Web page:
Navigating the Decade Ahead: Implications for Monetary Policy
The Covid-19 pandemic has dramatically changed the near-term outlook for the global economy and elicited unprecedented monetary and fiscal policy responses. The effectiveness of the policy responses and the prospects for recovery from the shutdown of economies around the world remain highly uncertain. Over the longer run, the sluggish economic growth and historically low interest rates that preceded the pandemic pose additional challenges for policymakers. Although the future is always uncertain, slow growth and low rates are widely expected to persist. These expectations play a key role in decisions made today that, in turn, may reinforce the dynamics of slow growth and low rates. Thus, understanding how low interest rates are related to slow growth, how households and businesses form expectations, and how changes in those expectations affect economic activity is critically important for central bankers as they develop strategies to achieve their mandates.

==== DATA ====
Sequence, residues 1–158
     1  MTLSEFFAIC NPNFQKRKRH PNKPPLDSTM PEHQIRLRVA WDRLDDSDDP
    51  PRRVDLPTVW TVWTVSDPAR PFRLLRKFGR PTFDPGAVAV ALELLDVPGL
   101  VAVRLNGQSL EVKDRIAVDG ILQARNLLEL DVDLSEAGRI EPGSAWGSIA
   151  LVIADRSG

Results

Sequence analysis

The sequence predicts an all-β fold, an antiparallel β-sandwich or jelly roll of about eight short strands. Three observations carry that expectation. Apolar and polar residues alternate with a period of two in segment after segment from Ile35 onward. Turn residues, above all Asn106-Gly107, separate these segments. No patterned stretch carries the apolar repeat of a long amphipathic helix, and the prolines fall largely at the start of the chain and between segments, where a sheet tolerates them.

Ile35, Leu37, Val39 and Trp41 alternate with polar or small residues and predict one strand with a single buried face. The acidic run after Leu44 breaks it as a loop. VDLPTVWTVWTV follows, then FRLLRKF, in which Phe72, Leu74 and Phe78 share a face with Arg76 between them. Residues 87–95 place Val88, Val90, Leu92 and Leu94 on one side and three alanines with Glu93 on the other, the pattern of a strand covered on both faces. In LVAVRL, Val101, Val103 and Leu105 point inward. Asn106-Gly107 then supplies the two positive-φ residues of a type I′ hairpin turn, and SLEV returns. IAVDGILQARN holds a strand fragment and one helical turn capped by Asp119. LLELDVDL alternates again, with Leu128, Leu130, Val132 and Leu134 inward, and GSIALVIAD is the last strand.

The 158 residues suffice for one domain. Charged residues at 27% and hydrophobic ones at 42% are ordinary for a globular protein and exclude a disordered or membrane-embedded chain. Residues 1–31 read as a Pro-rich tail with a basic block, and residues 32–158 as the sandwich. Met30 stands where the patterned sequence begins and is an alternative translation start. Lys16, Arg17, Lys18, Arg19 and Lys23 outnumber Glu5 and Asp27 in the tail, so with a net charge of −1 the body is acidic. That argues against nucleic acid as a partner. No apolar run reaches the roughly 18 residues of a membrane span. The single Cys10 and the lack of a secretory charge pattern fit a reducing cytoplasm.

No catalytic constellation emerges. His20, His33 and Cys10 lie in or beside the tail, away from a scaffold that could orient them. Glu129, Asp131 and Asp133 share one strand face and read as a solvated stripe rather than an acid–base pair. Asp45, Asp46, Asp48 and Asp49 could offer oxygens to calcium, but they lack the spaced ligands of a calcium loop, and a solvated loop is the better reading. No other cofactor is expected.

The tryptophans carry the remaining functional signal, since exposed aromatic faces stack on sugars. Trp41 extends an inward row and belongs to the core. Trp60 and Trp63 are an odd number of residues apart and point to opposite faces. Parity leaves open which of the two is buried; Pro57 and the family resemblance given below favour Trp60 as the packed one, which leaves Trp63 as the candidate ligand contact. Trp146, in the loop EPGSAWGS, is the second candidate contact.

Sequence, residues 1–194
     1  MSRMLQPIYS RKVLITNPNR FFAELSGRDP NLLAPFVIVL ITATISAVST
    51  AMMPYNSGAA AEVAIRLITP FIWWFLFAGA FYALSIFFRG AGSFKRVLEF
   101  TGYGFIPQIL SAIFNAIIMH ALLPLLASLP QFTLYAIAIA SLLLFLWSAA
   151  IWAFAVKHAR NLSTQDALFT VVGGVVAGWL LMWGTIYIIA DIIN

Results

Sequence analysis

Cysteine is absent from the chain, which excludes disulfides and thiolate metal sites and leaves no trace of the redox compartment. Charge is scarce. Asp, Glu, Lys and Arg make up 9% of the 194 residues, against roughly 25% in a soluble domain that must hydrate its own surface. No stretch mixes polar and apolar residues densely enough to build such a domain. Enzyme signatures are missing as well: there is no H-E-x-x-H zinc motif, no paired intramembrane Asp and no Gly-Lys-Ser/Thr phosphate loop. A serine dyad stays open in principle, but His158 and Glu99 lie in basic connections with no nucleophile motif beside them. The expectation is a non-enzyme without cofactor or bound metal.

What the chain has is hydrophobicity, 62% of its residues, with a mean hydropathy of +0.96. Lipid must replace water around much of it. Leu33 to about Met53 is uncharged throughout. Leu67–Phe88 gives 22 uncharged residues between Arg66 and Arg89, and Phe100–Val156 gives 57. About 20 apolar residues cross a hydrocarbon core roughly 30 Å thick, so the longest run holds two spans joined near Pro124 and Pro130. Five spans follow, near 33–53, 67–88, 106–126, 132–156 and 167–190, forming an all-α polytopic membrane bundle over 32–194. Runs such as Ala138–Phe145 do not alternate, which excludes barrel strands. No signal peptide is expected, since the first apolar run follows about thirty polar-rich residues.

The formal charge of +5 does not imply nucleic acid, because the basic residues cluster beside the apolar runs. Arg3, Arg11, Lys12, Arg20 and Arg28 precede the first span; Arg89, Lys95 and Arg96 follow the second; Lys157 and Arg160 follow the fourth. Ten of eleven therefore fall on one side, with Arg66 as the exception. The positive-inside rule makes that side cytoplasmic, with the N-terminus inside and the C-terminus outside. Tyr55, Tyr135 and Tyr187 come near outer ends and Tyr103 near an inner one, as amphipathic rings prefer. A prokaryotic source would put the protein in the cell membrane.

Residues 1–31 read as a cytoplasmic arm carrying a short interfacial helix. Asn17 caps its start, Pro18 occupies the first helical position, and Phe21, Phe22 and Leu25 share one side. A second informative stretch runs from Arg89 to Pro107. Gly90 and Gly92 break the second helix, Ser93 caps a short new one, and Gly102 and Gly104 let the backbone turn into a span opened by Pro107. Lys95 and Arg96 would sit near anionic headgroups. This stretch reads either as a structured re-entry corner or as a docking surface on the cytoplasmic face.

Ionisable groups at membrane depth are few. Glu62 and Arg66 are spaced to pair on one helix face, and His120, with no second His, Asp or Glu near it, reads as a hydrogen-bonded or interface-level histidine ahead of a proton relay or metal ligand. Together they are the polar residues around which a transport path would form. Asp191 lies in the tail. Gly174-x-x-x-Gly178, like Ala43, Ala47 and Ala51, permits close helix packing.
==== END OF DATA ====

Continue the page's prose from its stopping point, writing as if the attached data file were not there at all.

Given the low rate environment, a deep monetary policy toolkit and clear central bank communications will be essential elements for achieving and sustaining an economic recovery. Low equilibrium interest rates will likely lead to more frequent episodes in which conventional monetary policy is constrained by the effective lower bound (ELB) on nominal rates. This implies that policymakers’ understanding of unconventional monetary policy and alternative policy tools is likely to become increasingly important in times of financial stress and economic weakness. Likewise, the effect of uncertainty on business and consumer expectations may determine the extent to which monetary policies may be effective in sustaining economic expansions and price stability. But uncertainty comes in many forms, making it critical not only to acknowledge the presence of uncertainty, but to have a clear understanding of the implications of various forms of uncertainty for the economy and the conduct of monetary policy.
This year's symposium was conducted online. The proceedings were livestreamed on the Federal Reserve Bank of Kansas City's External LinkYouTube channel.